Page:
I didn't think the Ottawa Senators were as bad as they looked under Craig Hartsburg earlier in the season. An almost-comeback when down 4-1 against the Boston Bruins on Thursday was pretty cool. Tonight's full comeback after going down 3-1 to the Pittsburgh Penguins was even better, as the Sens rallied back in the third and won the game in a shootout.
Pittsburgh took a one-goal lead when Eric Godard beat Brendan Bell and his pass went off Jesse Winchester's stick, but Chris Campoli tied it at one when he scored on a bouncing knucklepuck that tricked Marc-Andre Fleury and snuck in. The Pens took another lead and added to it in the second off goals from Sidney Crosby and his ugly twin brother, Tyler Kennedy. In the third, Nick Foligno scored from the left faceoff dot with three other players screening Fleury, and Chris Phillips pinched in on the play a couple of minutes later to knock in a mid-air rebound to tie the game. No goals through overtime, and goals from Daniel Alfredsson and Mike Comrie in the shootout, plus four stops on five shooters by Brian Elliott, gave Ottawa the win.
Elliott was terrific in the Senators net. The first goal was bad luck, and the other two were really no fault of his. He made some terrific saves, particularly a pad-save on Bill Guerin during the Penguins' early first-period powerplay to keep the game tied. In the shootout, he stopped NHL leading scorer Evgeni Malkin as well as Kris Letang, Petr Sykora, and Chris Kunitz. On the night, he stopped 27 of 30 shots, and he's a very respectable 12-4-3 on the season now.
This game was characterized by either terrible powerplays, or amazing penalty-killing: The teams combined to go 0-for-12 with the man advantage (Ottawa went 0-for-7, Pittsburgh went 0-for-5). Elliott made a couple huge stops in first period powerplays, though, and Ottawa hit two posts--Alfredsson and Filip Kuba each ringing iron--on the same 5-on-3 powerplay in the first period, so maybe it was good (or lucky) penalty-killing.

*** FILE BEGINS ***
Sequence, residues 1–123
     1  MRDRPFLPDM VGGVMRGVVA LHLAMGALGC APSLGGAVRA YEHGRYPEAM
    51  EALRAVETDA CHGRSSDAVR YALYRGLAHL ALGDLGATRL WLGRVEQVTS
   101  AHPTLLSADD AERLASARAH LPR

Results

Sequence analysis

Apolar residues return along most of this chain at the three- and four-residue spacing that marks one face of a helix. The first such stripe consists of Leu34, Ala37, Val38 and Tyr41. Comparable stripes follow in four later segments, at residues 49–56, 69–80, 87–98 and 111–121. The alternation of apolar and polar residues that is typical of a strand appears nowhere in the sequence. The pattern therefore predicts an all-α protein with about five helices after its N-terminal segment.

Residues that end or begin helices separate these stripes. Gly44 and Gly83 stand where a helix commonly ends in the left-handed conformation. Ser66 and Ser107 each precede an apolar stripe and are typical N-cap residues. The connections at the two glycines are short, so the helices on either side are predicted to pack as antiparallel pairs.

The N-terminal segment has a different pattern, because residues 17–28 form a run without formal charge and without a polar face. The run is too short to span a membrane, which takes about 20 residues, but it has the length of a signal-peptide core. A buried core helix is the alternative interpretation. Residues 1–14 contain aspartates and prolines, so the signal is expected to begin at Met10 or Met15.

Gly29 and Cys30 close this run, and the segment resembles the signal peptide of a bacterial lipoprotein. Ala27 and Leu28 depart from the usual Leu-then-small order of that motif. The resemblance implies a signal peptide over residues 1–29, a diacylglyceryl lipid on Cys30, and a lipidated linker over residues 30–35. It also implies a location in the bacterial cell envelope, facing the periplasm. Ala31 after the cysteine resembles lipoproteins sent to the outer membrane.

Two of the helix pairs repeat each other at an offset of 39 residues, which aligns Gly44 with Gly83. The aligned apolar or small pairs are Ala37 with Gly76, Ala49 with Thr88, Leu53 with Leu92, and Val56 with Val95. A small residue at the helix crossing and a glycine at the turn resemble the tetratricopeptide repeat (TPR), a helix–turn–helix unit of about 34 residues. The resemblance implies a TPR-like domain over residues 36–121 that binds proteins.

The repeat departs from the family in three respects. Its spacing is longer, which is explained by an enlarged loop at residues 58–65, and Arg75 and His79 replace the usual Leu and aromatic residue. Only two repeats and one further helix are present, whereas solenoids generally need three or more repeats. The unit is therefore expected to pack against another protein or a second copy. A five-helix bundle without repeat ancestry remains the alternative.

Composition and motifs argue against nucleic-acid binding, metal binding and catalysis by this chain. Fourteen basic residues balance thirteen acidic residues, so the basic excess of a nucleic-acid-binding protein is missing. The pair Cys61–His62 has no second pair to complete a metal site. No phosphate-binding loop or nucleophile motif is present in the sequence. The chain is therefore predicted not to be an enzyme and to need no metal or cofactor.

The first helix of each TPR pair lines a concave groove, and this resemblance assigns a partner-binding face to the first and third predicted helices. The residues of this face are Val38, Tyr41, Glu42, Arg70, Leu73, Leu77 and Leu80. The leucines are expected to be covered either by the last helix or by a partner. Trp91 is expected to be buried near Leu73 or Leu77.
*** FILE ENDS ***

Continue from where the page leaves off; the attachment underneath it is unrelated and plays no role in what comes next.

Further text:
Android Volchenkov left the game in the second period with another malfunction, and the Sens finished the game with five defencemen. With Jason Smith and Alex Picard already on the shelf, possibly for the rest of the season, Volchenkov's injury makes it pretty tough for an already-struggling defence corps. He's day-to-day, but if he can't play Tuesday, Christoph Schubert will likely draw back into the lineup.
Alfredsson did a standard fake-forehand, draw-the-goalie-into-a-pokecheck, go-backhand move (you know, no big deal), but Comrie had a tricky shootout move. He cut across Fleury and looked a bit like he was going to try a spin-o-rama, but then just shoved it in far-side. Take a look at the video:
Stats pack: Ottawa had eleven shots in the five-minute overtime period; Pittsburgh only had one. ... Phillips' game-tying goal was his 200th career point, and Ottawa is 37-6-5-1 whenever Phillips scores. ... Alfredsson game a freakin' game-high eight shots on the night. Dany Heatley and Mike Fisher were tied for second with five each. ... Pittsburgh officials credited the Pens with 30 hits to Ottawa's 22, but take that with a grain of salt; they also credited Brian Lee with four, and I don't know if he's had that many all season. ... Shean Donovan had 3:55 tonight. That was probably because of a fair amount of special-teams time, but he can produce plenty of energy if he's given some ice time to do so.
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